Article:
Personal Injury

Feds side with Oregon truck driver whistleblower, order reinstatement and back pay

trucks on highway Feds side with Oregon truck driver whistleblower, order reinstatement and back payAn Oregon truck driver who filed a whistleblower complaint against her employer alleging she was fired for refusing to drive an unsafe truck will receive back wages and compensation for legal fees in addition to being reinstated to her job, the Occupational Safety and Health Administration (OSHA) announced.

After completing an investigation of the complaint, OSHA ordered Terry Unrein, an independent trucking contractor based in Gresham, Ore., to reinstate the driver, who was fired in late 2011 after she refused to drive a five-ton truck with inadequate tire tread on public highways.

According to OSHA, Terry Unrein fired the driver eight days after she had the truck’s tire replaced before driving on the highway. Driving a commercial truck with unsafe tires is a willful violation of federal transportation safety regulations enforced by the U.S. Department of Transportation’sĀ Federal Motor Carrier Safety Administration (FMCSA).

It is also a violation of federal law for an employer to retaliate against an employee who reports wrongdoing internally or to an appropriate regulatory agency or authority. By firing the driver for refusing to drive a truck with poor treads, Terry Unrein violated the whistleblower provisions of the Surface Transportation Assistance Act, which also prohibit retaliation against employees who refuse to violate rules and regulations or engage in behavior that could put themselves or others at risk.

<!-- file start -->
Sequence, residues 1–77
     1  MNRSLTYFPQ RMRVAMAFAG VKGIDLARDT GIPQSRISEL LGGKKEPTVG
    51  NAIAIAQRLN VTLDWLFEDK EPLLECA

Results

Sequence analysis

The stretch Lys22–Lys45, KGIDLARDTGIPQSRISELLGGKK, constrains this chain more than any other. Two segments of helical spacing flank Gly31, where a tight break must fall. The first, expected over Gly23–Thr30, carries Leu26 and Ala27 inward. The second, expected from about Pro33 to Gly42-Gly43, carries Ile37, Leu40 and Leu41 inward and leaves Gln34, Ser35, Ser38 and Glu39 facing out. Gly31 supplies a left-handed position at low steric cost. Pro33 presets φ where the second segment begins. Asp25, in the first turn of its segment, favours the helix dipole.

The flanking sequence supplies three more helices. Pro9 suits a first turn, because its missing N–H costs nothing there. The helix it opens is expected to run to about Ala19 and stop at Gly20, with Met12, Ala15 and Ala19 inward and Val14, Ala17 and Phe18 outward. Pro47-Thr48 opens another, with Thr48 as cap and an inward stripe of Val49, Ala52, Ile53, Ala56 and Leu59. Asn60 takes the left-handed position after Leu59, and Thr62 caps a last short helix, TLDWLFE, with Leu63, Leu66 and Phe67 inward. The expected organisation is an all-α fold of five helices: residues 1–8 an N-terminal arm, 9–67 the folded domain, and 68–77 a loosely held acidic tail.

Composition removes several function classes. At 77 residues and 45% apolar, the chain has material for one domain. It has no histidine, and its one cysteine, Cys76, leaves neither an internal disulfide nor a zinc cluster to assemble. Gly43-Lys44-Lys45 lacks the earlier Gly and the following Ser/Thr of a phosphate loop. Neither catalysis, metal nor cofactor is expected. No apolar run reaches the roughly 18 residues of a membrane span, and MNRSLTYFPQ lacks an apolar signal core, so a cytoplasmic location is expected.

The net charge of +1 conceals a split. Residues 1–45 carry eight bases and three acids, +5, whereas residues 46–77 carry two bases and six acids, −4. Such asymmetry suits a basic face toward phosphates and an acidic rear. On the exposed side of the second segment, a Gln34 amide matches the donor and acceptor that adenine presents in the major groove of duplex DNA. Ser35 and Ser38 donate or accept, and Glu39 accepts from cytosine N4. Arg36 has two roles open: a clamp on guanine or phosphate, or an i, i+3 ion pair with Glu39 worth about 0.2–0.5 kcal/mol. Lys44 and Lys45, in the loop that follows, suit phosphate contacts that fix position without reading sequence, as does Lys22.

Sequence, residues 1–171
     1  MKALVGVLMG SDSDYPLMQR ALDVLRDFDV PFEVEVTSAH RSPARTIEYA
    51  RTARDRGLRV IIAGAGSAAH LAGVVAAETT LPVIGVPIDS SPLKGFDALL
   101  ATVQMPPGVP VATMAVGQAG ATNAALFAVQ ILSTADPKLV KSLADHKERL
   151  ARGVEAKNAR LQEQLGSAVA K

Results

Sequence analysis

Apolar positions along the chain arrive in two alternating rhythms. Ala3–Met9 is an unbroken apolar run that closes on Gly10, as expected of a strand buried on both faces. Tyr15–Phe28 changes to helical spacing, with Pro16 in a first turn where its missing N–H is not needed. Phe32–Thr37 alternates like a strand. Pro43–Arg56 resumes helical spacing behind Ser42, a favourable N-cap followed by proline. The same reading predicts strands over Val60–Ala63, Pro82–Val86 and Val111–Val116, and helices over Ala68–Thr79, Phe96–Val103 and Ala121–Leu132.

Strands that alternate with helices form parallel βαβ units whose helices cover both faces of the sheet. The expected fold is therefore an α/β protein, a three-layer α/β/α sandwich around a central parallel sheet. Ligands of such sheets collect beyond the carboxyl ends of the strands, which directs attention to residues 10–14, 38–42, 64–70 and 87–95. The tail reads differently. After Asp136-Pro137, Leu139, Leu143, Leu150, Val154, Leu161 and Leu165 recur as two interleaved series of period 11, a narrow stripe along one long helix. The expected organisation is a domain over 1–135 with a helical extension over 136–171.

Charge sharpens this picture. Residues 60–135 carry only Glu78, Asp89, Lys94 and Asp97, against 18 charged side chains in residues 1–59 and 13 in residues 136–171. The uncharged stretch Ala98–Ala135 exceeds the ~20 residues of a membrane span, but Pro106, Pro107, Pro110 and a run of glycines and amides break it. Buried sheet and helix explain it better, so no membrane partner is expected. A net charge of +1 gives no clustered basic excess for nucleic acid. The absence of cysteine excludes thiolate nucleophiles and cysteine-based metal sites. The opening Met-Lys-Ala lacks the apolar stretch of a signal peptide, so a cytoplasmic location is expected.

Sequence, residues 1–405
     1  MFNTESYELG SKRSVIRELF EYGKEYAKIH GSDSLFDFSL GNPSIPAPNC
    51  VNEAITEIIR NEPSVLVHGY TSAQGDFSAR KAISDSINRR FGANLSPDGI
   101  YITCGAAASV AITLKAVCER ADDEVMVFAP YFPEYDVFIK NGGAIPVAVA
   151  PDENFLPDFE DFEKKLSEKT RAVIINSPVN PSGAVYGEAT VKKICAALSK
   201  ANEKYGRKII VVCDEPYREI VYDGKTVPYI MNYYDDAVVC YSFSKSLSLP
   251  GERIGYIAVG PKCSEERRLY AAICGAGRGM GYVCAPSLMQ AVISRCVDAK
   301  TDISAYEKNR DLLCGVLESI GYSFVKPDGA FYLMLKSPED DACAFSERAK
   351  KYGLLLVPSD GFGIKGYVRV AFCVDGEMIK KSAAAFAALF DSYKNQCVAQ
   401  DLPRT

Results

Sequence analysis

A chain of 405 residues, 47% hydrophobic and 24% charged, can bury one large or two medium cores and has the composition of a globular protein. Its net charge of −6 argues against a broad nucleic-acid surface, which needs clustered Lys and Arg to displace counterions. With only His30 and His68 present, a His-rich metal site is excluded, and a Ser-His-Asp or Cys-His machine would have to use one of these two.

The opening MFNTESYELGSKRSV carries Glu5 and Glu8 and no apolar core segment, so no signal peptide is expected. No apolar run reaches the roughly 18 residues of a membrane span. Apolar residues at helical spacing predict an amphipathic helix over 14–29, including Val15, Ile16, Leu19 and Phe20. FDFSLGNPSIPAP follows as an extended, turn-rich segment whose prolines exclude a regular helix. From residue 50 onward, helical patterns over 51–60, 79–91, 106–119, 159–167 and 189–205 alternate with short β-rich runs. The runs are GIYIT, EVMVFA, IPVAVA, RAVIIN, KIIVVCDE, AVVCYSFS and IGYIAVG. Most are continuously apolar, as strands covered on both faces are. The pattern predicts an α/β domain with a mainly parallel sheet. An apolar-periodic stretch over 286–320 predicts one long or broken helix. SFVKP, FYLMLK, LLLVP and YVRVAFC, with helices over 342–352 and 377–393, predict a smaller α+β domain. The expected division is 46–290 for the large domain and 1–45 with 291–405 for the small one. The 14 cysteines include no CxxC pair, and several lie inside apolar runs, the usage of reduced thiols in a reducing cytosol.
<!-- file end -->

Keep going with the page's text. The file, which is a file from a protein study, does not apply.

“We will enforce whistleblower provisions to the fullest extent of the law to protect employees, who should not be retaliated against for following the law,” said regional OSHA administrator Ken Atha.

In a time when regulatory agencies are having to do more with less funding, whistleblowers and the laws that protect them are playing an ever-expanding role in holding corporations accountable for fraud, waste, abuse, mismanagement, and other wrongdoing.

OSHA enforces the whistleblower provisions of 20 different statutes protecting employees who report violations of commercial motor carrier, airline, nuclear, pipeline, environmental, public transportation agency, consumer product, motor vehicle safety, railroad, maritime, health care reform, food safety, securities, and financial reform laws.

Source:

Occupational Safety and Health Administration